The problem remains, as survey results often vary depending on whether respondents are asked to rate their most important constraints, or to rank them. While ranking appears to be favored by researchers who have examined different methodologies, as it forces stronger expression and relationships (Alvin and Krosnick 1985), it may not be entirely reliable: firms or experts who are asked to rank constraints may not have a good basis for determining whether their top-ranked constraint is serious or not. Ranking without a solid and meaningful benchmark against which local firms in a given country can rate the severity of a particular constraint may not provide useful information. In addition, there are instances where picking any single quantitative criterion could be misleading, as firms often face several constraints simultaneously. Ranking all of them as important may not be very helpful for policymaking. In order to account for the major role of firm heterogeneity in growth analysis, one must go beyond extracting means of investment climate variables from firm-level surveys. Careful econometric modeling of firm performance is therefore needed to identify which particular variable has the biggest effect on growth. In other words, the policy variables with the greatest economic impact can be quite different from the policy variables with the highest perceived values.46 Investment climate surveys have two more limitations: they do not provide information about industries that do not yet exist, but in which a country has latent comparative advantage.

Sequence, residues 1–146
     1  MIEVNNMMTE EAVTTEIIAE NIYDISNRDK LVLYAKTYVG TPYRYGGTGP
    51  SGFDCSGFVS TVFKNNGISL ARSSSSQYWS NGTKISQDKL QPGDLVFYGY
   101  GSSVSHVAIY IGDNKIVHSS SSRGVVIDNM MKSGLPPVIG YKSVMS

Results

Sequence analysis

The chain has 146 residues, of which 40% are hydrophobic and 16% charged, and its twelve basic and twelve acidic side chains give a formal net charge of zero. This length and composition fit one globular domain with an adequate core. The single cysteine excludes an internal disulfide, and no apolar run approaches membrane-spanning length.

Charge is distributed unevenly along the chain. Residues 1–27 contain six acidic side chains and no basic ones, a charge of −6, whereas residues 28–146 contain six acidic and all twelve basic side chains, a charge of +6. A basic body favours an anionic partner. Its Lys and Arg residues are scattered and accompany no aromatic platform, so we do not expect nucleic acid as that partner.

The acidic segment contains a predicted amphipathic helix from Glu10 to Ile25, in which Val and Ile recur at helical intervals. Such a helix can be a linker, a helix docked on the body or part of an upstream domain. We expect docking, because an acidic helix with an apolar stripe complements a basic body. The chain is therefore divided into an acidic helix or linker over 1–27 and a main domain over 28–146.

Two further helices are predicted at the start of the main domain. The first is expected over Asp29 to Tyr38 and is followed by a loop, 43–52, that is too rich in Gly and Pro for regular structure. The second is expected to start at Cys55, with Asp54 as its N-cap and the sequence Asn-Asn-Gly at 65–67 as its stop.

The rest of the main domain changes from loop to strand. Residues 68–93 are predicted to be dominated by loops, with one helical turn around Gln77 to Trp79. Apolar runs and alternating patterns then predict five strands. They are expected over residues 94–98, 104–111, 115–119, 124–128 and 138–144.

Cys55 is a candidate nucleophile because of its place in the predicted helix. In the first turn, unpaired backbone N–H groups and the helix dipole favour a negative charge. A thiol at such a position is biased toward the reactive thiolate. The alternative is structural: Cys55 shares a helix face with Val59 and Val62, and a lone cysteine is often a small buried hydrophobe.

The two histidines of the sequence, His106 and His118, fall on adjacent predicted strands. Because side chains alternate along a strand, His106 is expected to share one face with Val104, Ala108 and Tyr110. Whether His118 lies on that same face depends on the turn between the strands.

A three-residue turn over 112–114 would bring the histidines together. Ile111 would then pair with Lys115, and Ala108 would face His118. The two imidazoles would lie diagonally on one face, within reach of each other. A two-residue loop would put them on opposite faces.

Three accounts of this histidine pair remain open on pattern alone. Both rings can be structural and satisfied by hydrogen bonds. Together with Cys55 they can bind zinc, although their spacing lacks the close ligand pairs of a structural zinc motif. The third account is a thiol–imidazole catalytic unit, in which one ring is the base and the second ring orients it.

Moreover, the existing industries that are surveyed may not be consistent with the country’s comparative advantage, either because they are too advanced (as a legacy of a development strategy that defied comparative advantage), or because they have become fundamentally uncompetitive (as a result of a general wage increase that accompanied the country’s development). These two additional limitations make it highly desirable for investment climate
Ayyagari et al. (2005) present the mean reported values for a number of investment climate variables in a sample of over 6,000 firms in 80 countries. In the overall sample, taxes and regulation, political instability, inflation, and financing are reported as being the greatest obstacles to firm growth.